fly agaric


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Am·a·ni·ta mus·ca·'ri·a

a toxic species of mushroom with yellow-to-red pileus and white gills; it contains muscarine, a cholinomimetic, which produces psychosislike states and other symptoms.
Synonym(s): fly agaric

fly agaric

A poisonous mushroom, Amanita muscaria . It usually has a red or orange cap with white spots.

fly


fly agaric
a mushroom. See amanita.
fly biting, fly catching
behavior by dogs that looks like an attempt to catch a nonexistent flying object, hence the name. When repeated or continual, believed to be a form of partial seizure or hallucinations.
fly control
limitation of fly population by disposal of rotting animal tissue, use of insecticides in sprays, back applicators, impregnated ear tags or pet collars, liberation of sterilized males, fly traps.
fly dermatitis
biting flies will inflict skin damage on the face and particularly ear tips of outdoor dogs, causing bleeding, dried crusts and moderate irritation that sometimes leads to the development of auricular hematomas. Also reported to be a common problem in zoo bears.
ear tip fly bite
see fly dermatitis (above).
forest fly
see hydrotoeairritans.
head fly
see hydrotoeairritans.
horn fly
louse fly
sand fly
stable fly
fly strike
cutaneous myiasis.
fly worry
all fly infestations cause worry to their host animals. Heavy infestations with black flies in horses and buffalo flies in cattle may cause deaths from worry, blood loss, interference with grazing and intercurrent disease. See also fly dermatitis (above).
References in periodicals archive ?
Psychoactive plants include such stimulants as cocaine, depressants such as the opiates, the true hallucinogens such as marijuana, ergot, fly agaric, sacred mushrooms, peyote, and members of the Solanaceae.
Given the fly agaric mushroom's unpredictable psychoactivity and its unpleasant side effects (including nausea and twitching), it is remarkable that it figures so prominently in speculation of this sort, not to mention in children's stories such as Alice's Adventures in Wonderland and in fantasy writing for adults.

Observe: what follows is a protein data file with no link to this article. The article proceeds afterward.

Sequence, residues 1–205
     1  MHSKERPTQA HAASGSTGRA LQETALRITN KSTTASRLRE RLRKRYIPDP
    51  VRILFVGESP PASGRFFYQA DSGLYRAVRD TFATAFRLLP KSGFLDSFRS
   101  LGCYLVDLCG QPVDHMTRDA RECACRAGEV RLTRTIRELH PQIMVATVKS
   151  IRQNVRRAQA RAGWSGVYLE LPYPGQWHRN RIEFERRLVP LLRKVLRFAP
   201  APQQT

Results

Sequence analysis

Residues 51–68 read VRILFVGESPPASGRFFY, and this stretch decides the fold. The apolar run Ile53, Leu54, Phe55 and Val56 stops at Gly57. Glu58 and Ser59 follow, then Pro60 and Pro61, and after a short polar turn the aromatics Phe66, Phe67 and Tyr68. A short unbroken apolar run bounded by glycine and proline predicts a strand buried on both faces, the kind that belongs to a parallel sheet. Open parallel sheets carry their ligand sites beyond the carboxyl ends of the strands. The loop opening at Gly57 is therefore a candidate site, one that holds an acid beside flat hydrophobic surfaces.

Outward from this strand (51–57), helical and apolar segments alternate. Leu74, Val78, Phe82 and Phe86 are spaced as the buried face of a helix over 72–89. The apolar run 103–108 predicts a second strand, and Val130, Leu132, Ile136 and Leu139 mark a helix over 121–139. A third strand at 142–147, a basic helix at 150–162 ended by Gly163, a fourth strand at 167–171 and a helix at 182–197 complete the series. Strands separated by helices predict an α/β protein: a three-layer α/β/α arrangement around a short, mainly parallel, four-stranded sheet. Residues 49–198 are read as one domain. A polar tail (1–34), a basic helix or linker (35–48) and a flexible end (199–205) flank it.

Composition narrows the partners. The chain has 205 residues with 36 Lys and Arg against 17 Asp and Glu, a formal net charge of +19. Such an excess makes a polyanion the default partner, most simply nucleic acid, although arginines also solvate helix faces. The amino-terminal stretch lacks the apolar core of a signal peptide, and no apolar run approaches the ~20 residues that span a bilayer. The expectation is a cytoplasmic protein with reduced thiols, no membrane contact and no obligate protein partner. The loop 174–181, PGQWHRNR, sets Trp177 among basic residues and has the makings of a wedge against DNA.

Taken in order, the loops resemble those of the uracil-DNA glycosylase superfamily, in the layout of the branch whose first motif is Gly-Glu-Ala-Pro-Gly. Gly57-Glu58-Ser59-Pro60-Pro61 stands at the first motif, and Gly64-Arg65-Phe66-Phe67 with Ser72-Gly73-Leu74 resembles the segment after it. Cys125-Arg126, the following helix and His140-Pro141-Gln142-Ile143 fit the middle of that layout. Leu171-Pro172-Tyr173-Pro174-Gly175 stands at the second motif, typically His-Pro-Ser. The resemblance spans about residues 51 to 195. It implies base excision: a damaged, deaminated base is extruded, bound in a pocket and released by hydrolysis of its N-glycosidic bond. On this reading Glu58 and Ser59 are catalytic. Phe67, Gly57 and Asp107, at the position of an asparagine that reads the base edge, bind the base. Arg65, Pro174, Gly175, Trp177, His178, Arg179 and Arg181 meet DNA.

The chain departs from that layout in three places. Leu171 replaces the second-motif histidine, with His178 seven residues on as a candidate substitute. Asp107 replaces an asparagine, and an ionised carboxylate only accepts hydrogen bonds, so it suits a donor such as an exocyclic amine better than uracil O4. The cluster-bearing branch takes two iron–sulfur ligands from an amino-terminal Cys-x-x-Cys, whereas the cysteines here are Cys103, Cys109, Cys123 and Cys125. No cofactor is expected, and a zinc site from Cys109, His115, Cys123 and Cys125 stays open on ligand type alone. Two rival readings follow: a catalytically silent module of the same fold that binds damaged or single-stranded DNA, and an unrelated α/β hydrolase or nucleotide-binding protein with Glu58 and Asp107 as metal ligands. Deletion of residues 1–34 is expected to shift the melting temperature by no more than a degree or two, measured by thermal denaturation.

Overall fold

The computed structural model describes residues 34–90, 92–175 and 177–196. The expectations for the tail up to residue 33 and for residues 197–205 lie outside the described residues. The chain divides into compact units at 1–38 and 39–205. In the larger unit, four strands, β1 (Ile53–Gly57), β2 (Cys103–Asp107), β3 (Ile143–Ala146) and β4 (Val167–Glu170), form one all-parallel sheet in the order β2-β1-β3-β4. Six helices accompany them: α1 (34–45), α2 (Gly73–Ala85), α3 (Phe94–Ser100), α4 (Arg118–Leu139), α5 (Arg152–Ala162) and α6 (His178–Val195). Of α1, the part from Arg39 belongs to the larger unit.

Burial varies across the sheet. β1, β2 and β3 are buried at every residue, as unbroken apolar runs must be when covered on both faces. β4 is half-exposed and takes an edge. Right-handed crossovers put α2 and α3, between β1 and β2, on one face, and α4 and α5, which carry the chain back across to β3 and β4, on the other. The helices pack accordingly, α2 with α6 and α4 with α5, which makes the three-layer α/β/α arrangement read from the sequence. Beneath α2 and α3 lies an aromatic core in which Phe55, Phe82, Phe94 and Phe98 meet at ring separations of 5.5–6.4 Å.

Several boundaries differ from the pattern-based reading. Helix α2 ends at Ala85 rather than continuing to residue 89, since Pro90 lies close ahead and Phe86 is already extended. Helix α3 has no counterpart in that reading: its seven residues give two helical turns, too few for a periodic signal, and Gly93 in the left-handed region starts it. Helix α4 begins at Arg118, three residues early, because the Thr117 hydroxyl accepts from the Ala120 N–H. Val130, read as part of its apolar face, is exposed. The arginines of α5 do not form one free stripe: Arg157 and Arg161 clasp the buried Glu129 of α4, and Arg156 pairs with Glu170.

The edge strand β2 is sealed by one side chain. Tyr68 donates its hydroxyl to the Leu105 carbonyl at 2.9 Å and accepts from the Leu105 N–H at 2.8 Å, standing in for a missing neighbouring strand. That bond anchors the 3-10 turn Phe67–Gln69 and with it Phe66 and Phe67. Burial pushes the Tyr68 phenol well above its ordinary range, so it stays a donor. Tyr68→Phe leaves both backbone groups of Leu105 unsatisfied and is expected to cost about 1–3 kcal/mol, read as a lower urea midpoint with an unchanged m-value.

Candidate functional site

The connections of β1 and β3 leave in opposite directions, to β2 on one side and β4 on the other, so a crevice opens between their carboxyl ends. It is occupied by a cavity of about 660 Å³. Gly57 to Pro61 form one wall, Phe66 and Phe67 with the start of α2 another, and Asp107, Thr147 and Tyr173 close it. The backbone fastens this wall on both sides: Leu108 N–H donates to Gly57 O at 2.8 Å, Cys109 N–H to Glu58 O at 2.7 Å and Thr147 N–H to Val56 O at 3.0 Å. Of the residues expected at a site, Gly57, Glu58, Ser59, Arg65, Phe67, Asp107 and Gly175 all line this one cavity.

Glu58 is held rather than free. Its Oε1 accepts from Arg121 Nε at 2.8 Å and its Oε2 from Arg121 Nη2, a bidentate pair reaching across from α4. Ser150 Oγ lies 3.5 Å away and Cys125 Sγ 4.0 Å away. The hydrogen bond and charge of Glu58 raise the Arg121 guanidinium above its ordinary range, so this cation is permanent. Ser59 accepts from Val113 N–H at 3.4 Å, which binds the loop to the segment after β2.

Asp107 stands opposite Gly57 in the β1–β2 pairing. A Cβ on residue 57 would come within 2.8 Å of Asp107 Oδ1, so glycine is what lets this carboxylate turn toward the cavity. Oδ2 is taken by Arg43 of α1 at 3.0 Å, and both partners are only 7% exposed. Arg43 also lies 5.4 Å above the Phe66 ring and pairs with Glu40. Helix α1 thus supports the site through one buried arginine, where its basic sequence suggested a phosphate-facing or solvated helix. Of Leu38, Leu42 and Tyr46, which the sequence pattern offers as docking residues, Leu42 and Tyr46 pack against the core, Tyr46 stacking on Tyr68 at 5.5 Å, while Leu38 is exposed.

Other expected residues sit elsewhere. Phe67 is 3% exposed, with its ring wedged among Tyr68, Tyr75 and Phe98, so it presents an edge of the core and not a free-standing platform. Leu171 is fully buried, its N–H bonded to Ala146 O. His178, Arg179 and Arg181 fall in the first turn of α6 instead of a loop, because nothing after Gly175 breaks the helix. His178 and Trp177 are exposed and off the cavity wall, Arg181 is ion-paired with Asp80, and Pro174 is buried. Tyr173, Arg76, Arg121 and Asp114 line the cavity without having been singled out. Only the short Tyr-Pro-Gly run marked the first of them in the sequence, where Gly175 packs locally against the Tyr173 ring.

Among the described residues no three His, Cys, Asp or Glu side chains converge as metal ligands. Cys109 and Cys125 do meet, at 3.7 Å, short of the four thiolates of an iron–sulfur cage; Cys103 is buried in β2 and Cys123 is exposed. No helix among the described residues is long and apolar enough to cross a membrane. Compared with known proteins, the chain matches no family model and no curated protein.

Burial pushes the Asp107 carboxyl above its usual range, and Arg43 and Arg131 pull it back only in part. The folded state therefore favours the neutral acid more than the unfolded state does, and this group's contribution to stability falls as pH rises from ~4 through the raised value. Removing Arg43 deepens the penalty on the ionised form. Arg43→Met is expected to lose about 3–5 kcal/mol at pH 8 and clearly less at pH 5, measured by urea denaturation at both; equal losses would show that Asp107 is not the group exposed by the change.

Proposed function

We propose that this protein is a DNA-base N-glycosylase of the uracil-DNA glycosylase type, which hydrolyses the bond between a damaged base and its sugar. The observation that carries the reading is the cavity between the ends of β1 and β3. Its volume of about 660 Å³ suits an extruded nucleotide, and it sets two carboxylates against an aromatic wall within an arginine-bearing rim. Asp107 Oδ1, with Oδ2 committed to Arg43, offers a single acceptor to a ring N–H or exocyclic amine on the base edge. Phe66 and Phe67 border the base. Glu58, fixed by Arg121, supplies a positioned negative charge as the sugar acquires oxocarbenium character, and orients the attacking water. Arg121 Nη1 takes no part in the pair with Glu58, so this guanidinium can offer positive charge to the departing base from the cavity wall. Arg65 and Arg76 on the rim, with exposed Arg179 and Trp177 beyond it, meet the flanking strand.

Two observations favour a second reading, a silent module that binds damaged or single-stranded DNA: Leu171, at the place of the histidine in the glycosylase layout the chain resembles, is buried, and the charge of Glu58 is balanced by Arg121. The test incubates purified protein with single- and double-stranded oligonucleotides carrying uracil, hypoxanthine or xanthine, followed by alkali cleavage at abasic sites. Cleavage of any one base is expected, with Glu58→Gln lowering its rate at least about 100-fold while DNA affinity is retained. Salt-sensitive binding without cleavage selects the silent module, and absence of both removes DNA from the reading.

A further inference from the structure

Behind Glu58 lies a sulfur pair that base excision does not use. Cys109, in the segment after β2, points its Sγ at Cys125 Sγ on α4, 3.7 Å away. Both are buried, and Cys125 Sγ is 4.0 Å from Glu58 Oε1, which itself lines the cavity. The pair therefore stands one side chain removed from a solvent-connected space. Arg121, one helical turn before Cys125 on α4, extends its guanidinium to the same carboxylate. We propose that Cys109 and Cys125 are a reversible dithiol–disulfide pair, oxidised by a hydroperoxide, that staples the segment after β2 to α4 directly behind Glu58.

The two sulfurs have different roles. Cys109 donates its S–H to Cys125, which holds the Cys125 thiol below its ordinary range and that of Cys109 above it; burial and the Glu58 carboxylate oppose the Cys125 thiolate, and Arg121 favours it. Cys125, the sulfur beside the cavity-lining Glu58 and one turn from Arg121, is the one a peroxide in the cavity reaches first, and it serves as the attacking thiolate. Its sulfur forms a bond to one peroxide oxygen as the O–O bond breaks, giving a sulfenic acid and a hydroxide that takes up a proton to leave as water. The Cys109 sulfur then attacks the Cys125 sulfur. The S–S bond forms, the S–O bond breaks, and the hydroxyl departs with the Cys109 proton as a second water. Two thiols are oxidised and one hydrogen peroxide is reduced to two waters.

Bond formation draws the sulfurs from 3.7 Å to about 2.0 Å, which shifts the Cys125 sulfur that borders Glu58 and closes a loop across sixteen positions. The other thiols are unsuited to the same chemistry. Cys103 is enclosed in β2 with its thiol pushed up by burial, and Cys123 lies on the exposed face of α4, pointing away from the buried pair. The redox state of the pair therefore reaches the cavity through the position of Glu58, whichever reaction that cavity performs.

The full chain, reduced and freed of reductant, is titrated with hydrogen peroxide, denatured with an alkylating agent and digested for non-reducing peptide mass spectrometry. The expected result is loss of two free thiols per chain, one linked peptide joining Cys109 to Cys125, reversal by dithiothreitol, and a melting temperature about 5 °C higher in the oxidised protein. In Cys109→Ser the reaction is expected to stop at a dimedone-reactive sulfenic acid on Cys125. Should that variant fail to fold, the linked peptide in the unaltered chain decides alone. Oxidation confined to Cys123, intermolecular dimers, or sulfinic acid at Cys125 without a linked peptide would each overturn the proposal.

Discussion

Fly agarics have been featured in paintings since the Renaissance.
Naturalist Gordon Simpson, who will be leading the walks, said fungi doing well this year include fly agaric, the familiar red and white toadstool once chopped up in milk and used as fly killer, the blusher so named because it turns pink when bruised, and the 'ink cap', which eventually turns into a mushy black liquid, sometimes used as a writing ink.
For example, where I see blueberry bushes and red-and-white fly agaric toadstools growing together, I can feel pretty sure I'm going to find cepes.
But Patrick Harding, of Sheffield University, argues the traditional image of Santa and his reindeer owes a lot to what he claims is the most important mushroom in history - the fly agaric - the dancing toadstool in Disney's Fantasia.
Spotting the cartoonlike form of a crimson-topped fly agaric toadstool thrusting up through the leaf litter can transform a walk in the woods into a thrilling experience.
Then funnel caps and the scarlet heads of fly agaric.
They belong to a group of fungi called agarics and, although they are edible, there are some that are either inedible or are positively dangerous, like the fly agaric, amanita muscaria, which can be found in some of our local birch and oak woodlands with its bright red cap.
Terry Bickley - fly agaric toadstools at Pooley Pit, Polesworth.
Well, centuries ago, the recreational stimulant of choice in northern Europe was the hallucinogenic fly agaric mushroom.
The Channel 4 programme, Sacred Weeds, shows two young men's enthusiastic response as they trip on fly agaric mushrooms.